It’ll also be interesting to see how quickly defense contractors work to lay down a footprint in Maine. It’s a tough sell–the State’s not set up to really absorb a whole lot more economic activity. Collins will need to twist a few arms in the state to get the locals to get serious about worker training, affordable housing and worker recruitment–but if Shelby’s record in Alabama is any sign of things to come, defense contractors are going to be setting up shop wherever they can, because:

“If you are a defense contractor and you are not trying to figure out how to maximize your investments in Maine or to get a footprint in Maine, you’re not doing defense contracting,”

Anyway, this will be fascinating to watch. General Dynamics must be relieved–Bath has been kind of spinning in the wind for some time. Huntington Ingalls, however, can’t be super thrilled that somebody from Maine controls Congressional largesse.


In Forbes: Fix The Darn Hospital Ships, Already.

December 22, 2022

Everybody knows that America’s two big hospital ships are largely useless unless lashed to a pier. They’re so big that, if we had to fully staff them, we’d have trouble operating some stateside medical facilities–they are THAT big a drain on the medical community. They’re also too big to work in most ports, and, if […]

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Some Fun Coast Guard Reads In Forbes:

December 14, 2022

Over in Forbes, I’ve put up a few Coast Guard pieces–a summary of the USCG funding proposal in the NDAA, and a suggestion that the USCG toss the troubled C-27J MPA for a mix of C-130s and the V-280 Valor, the Army’s choice for a replacement of the epic Black Hawk helo. The first, looking […]

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Watch Those Little Cracks Around The Edges

December 2, 2022

In the aftermath of the holidays, a few ugly old Navy bugbears are popping up. In one week, we have a fire aboard a carrier, another leak–this time of some nasty firefighting foam–at Red Hill, a near-collision in San Diego harbor, and now news that four sailors at Norfolk’s MARMC died by suicide just this […]

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In Forbes: A Depressing Piece

November 9, 2021

It’s really frustrating to go back and read mishap reports from the last two decades. They’re all the same. They all indicate the same general problems–folks that take too many risks, don’t know their equipment, and fail to institute normal procedures. In essence, they’re basically picking and choosing what rules to follow. The Officer Corps […]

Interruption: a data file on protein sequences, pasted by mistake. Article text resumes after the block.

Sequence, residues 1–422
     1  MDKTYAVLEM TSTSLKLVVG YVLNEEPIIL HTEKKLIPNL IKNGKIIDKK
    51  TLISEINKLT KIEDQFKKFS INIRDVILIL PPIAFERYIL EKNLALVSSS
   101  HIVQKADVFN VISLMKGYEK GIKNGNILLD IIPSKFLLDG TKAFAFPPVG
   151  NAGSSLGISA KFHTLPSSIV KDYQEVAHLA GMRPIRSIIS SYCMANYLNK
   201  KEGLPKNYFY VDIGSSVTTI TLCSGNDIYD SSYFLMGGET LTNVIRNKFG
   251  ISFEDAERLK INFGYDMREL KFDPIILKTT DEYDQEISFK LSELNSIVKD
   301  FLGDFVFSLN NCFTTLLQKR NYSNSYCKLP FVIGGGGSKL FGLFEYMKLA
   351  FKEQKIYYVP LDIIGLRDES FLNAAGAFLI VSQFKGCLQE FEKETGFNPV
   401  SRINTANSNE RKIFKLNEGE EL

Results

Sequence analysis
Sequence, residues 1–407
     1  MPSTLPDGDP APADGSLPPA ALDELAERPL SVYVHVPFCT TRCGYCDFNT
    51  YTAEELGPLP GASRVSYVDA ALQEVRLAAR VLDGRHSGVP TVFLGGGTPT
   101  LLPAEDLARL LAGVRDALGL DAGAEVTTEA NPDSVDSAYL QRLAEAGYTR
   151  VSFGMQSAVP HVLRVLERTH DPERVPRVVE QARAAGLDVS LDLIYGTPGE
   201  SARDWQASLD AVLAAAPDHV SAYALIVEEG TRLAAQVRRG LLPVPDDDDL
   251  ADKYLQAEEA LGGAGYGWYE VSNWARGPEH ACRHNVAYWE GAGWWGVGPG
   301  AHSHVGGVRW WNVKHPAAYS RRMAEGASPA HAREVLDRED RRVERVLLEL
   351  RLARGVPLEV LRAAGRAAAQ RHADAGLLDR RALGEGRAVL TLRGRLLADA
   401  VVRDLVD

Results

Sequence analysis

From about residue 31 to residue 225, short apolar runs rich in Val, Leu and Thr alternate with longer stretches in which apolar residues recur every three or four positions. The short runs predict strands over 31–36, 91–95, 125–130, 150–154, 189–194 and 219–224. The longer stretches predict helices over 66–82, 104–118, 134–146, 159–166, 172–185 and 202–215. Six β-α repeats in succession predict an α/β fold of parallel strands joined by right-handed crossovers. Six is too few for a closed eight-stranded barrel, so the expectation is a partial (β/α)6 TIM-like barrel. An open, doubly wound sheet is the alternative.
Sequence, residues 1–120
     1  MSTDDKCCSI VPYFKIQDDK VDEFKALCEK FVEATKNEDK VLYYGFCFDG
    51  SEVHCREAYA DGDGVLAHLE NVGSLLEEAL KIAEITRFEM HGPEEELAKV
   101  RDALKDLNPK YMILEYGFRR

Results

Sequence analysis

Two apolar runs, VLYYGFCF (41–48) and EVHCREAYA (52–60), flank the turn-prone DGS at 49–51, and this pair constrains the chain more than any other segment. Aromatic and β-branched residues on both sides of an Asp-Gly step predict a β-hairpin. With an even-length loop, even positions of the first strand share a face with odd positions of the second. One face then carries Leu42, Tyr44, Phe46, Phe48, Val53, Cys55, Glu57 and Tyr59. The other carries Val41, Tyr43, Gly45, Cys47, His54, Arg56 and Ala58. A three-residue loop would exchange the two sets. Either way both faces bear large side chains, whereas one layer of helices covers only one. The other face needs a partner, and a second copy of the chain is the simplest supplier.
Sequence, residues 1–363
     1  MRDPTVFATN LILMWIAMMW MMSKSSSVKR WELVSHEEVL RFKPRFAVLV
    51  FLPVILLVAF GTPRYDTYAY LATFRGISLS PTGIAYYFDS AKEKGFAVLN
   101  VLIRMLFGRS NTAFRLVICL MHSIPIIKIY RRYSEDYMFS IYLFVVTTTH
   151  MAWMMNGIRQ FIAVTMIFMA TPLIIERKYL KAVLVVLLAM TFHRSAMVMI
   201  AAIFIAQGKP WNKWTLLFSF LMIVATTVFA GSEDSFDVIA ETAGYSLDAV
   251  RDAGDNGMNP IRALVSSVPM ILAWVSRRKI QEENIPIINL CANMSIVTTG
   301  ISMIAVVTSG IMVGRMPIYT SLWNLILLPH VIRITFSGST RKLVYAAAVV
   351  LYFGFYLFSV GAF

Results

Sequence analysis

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In Forbes: It’s Time For The Navy To Start Talking About USS Connecticut’s Future

November 3, 2021

Not to be a downer, but the Navy has, in the space of a little less than a year, probably lost a second multi-billion dollar frontline asset. First the Bonhomme Richard, and now, possibly, the USS Connecticut. The last time a sub publicly suffered a controlled flight into terrain was in 2005, and the ONLY […]

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In Forbes: US-French Collaboration on Mid-Sized Carrier Design?

October 24, 2021

Over on Forbes, I’m banging away at the opportunity Joe Biden and Emmanuel Macron have this week to deepen an ongoing Franco-US maritime relationship at the G-20 meetings. I have long extolled the strategic value of France’s strategically-useful maritime holdings, and, as we are already working together on maritime security and carrier integration, we should […]

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In Forbes: An Irked Senator Roger Wicker Goes “On Record” Over The Coast Guard

September 17, 2021

Mississippi’s Senior Senator, Roger Wicker, has been pushing for two things–a simple, full accounting of Coast Guard needs as well as full funding for the Coast Guard. And he’s gotten none of them. As you can tell from his comments, in the article here, the Senator is fed up. That’s good. Maybe some righteous indignation […]

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In Forbes: Mike Gallagher’s Great Lakes Push is a Breaker Too Far

September 13, 2021

If you want to know about defense journalism and the state of the Coast Guard in relation to the rest of the Uniformed Services, just look at the latest HASC markup. Defense media got the topline messages–that the HASC had grown Biden’s defense budget by $25 billion, and that the Navy got several ships. They […]